Southwest enclave in city proud of coming full circle

September 21, 1995|By Jacques Kelly | Jacques Kelly,SUN STAFF

Barre Circle residents are annoyed that more people can't find their self-described "enclave of civility."

This Southwest Baltimore neighborhood sits within sight of Oriole Park along the western edge of Martin Luther King Boulevard. In the 1970s it was one of the old neighborhoods city government showcased to coax the middle class to live downtown.

Today, its cleaned bricks have weathered nicely, and moss grows on garden walls. Street trees planted 15 years ago are so tall they've had to be pruned. And the neighborhood even has put together a tour Saturday featuring some houses that are for sale.

"It is a way to look inside Barre Circle," said Judy Aleksalza, a video editor who lives in the 1000 block of Barre St.

Looking inside wasn't such a good idea 20 years ago.

"A rat wouldn't live in it and a roach wouldn't stop by," is how resident Bill Smothers described the way his Barre Street house looked in its derelict condition.

Now, he and other residents meet regularly for neighborhood cleanups. There doesn't seem to be much dirt to complain about.

"We think we get high marks for livability," said Ms. Aleksalza. "But so few people realize we are here. The maps leave us off downtown. The street patterns are old and confusing.

"Yet I would like more people to be aware that this is an enclave of civility."

Not that every Barre Circle moment is polite or courteous. Residents acknowledge their share of urban trouble: car thefts and burglaries -- and regret seeing families move away when the children are ready for school.

But they also emphasize the convenience -- to the harbor and six-minute walks to Camden Station and MARC trains, the downtown cultural scene and restaurants.

Laurie Cushman moved to the neighborhood from Montgomery County eight years ago. Her husband, a National Institutes of Health research scientist, commutes back there weekdays.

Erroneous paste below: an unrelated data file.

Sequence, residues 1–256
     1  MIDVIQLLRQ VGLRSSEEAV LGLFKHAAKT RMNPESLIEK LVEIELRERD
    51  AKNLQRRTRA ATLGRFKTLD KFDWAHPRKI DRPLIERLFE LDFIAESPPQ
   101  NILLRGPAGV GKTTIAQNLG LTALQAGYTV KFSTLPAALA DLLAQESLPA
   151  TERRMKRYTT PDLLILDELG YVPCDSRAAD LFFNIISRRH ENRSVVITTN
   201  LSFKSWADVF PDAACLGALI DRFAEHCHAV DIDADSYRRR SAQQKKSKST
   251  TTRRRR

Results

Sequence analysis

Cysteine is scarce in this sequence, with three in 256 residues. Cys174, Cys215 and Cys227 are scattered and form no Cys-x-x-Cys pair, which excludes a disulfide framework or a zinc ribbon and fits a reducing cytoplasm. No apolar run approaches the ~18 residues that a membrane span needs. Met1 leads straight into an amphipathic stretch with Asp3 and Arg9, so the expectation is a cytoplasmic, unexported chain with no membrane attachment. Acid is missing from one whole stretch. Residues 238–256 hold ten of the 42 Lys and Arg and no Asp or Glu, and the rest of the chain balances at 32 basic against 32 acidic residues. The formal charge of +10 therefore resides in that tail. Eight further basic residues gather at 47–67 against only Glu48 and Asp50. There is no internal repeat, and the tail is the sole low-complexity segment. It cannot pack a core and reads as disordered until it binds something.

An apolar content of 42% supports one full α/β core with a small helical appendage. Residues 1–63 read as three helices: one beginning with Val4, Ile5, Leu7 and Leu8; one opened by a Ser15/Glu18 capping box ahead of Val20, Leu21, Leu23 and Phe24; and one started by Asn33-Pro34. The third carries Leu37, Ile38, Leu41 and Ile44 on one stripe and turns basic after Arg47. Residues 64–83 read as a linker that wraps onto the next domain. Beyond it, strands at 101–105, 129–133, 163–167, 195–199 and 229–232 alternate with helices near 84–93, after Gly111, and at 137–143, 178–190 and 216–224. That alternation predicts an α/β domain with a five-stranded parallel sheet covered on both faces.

"It was too homogeneous in the suburbs for us. That wasn't the America we wanted to know," she said.

But she added: "It hasn't been absolutely perfect. I've been mugged here." She pointed to a spot across McHenry Street from her home. "I gave him my money, then I yelled and screamed," she recalled.

A few minutes later she said, "You've got to have a sense of humor to live here," when she spots a plastic trash can stenciled with the legend "Stolen From..."

Their daughter, in high school then, liked the idea of living in the city. She took the No. 11 bus with a classmate from Cherry Hill to Friends School in North Baltimore.

The houses were once to be demolished for Martin Luther King Boulevard. But when road designs were tamed, the city was left with several blocks of surplus mid-19th-century workers' houses.

Homesteaders got to work, leaving a legacy of 1970s design and decorating signatures: exposed brick walls, lots of hunter green and deep rose paint colors, track lighting, overhead paddle fans, heat pumps, skylights and atria with interior balconies.

Some of the individual homes used an approach that was theatrical when compared with other Baltimore rowhouses.

Owners often installed dramatic glass walls overlooking rear patios. One young lawyer had a wall of college library-style bookshelfs installed with a rolling ladder.

As soon as many of the original occupants fulfilled their 18-month obligatory residencies, they sold their homes, often achieving nearly double their original $40,000 to $60,000 investment.

At that point a cycle began. As the original renovators moved, students at the University of Maryland's law, medicine and dental schools often took their places as renters.

The mix of homeowners, said Paul Zuber, a University of Maryland third-year law student from Albany who moved here earlier this year, keeps the students from trashing the neighborhood.

"They make us aware not to throw old furniture on the street," he said.

"If I rented an apartment, it might cost me $500 a month. Here, three or four students rent a house for $300-something a piece," Mr. Zuber said.

Laurie Cushman believes that the students "give the neighborhood a certain vibrancy."

"They are always out circulating, walking back and forth to school," she said. "We homeowners come home and stay put."

The Barre Circle home tour is scheduled for 1 to 4 p.m. Saturday. Sept. 23. Homes will be open on McHenry, West Pratt, Scott and Ramsay streets. Literature will be available at McHenry and Barre streets.

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